For awhile now we’ve heard whispers of Research In Motion in negotiations to license the BlackBerry 10 operating system. RIM’s CEO, Thorsten Heins, confirmed during an interview that they are still considering a licensing, but that it might be only for low-end devices.

A recap of the interview, Heins said, “We don’t have the economy of scale to compete against the guys who crank out 60 handsets a year. We have to differentiate and have a focused platform. To deliver BB10 we may need to look at licensing it to someone who can do this at a way better cost proposition than I can do it. There [are] different options we could do that we’re currently investigating.”

“You could think about us building a reference system, and then basically licensing that reference design, have others build the hardware around it–either it’s a BlackBerry or it’s something else being built on the BlackBerry platform,” explained Heins. “We’re investigating this, and it’s way too early to get into any details. We have to also model this from a finance perspective–that’s why we’re working with the financial advisers to see, if we do this, where it would take the company. Either we do it ourselves or we do it with a partner. But we will not abandon the subscriber base.”

Going the licensing approach would vastly separate RIM from its previous business model. InformationWeek has put together some pros and cons of a potential BlackBerry 10 licensing:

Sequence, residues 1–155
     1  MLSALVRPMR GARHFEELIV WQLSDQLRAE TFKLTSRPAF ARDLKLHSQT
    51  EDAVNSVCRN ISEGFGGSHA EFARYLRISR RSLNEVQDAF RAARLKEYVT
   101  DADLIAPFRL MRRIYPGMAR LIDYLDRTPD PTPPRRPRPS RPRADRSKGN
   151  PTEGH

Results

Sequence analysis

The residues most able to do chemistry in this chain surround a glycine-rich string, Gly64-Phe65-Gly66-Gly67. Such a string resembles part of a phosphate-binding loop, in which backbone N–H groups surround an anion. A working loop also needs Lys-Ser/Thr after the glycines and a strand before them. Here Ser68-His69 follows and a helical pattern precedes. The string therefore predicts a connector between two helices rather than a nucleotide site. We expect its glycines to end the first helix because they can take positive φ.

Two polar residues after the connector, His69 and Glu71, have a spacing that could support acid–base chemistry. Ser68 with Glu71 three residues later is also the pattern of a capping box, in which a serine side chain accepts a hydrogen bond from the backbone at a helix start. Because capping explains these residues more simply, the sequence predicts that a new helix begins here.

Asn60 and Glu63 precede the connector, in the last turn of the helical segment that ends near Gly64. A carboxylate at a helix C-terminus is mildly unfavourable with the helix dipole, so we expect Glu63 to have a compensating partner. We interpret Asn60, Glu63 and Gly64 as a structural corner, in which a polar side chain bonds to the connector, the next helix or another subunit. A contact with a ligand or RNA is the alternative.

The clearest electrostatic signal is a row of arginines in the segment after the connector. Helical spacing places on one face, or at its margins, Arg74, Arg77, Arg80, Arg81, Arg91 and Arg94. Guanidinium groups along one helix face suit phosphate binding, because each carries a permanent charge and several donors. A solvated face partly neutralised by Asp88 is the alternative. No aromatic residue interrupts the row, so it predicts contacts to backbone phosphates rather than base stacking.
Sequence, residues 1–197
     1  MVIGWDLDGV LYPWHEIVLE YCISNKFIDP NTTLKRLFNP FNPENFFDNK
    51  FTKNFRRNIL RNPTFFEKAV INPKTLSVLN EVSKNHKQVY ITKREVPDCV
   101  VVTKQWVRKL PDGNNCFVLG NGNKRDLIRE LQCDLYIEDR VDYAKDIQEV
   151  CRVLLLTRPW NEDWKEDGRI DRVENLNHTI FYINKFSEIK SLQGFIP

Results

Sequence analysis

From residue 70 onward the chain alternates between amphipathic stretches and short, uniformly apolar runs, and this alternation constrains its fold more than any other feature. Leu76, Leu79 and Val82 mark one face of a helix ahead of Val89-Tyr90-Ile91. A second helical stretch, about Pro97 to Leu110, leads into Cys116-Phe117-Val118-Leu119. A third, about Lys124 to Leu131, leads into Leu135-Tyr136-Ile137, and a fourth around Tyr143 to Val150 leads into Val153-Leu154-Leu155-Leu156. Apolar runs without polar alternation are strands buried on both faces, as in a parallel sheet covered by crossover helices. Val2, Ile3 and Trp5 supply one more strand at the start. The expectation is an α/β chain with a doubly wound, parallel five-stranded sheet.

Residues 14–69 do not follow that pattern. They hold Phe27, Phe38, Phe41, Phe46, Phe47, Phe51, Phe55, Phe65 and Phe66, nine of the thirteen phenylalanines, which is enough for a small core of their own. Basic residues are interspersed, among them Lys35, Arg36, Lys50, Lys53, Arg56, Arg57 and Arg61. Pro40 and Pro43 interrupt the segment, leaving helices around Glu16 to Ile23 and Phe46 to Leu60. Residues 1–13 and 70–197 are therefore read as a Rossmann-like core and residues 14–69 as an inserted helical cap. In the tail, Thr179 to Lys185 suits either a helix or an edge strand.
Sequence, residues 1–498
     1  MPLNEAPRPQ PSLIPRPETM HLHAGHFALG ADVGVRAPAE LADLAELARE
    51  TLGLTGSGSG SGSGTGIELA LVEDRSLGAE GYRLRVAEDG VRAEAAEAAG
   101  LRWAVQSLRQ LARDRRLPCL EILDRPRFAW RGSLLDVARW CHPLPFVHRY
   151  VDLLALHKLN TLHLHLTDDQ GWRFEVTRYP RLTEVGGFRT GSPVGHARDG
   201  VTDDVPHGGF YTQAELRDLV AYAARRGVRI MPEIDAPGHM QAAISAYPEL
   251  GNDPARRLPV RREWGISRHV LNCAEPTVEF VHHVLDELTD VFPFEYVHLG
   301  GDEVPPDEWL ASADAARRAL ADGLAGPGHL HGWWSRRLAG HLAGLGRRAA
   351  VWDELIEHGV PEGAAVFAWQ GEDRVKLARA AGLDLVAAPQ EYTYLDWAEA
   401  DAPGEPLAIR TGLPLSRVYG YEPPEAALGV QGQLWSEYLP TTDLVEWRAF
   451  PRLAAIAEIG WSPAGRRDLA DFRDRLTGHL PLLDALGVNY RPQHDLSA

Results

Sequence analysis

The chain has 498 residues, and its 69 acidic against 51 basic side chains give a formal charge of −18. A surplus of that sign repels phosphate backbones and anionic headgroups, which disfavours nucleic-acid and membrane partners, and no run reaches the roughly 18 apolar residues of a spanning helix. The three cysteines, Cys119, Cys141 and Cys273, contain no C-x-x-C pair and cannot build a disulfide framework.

1. Form Factor Choice. Allowing multiple manufacturers to have a shot at making BlackBerry smartphones would lead to a wide range of different devices and form factors. This would be a boon for consumers, allowing them to pick the device (touch, QWERTY, touch+QWERTY) that suits them best.

2. Larger User Base Potential. With more devices from which to choose, consumers could be tempted to return to the BlackBerry fold, especially if killer services such as BBM are integrated into all the handsets and not only those sold by RIM.

3. Focus On Software. By tapping into the hardware prowess of others, RIM could sit back and really focus on the platform itself. RIM has been working hard to get BB10 to market, and it has delayed the release several times already. Allowing the company to put more resources behind the software–which, let’s face it, is the real differentiator here–could lead to software that is much more powerful and refined.


1. Brand Dilution, Loss of Control. Letting other OEMs make BlackBerrys would dilute RIM’s branding, or at least set it in an entirely new direction. It would also force RIM to give up the control it has over the entire BlackBerry ecosystem.


2. Developer Headaches. One thing RIM prides itself on is a strong developer support organization. That could change if developers suddenly have a multitude of screens, processors, radios, and other hardware elements to contend with. Perhaps RIM would have to set guidelines similar to those mandated by Microsoft with its Windows Phone hardware requirements.

3. Lost Revenue. About 70% of RIM’s revenue comes from sales of its BlackBerry handsets. That’s the majority of the company’s income. There’s simply no way RIM could recover that lost revenue through licensing fees. The company would be competing with its licensees for hardware sales.

Do you agree with the pros or cons of BlackBerry 10 being licensed out? Sound off in the comments and let us know!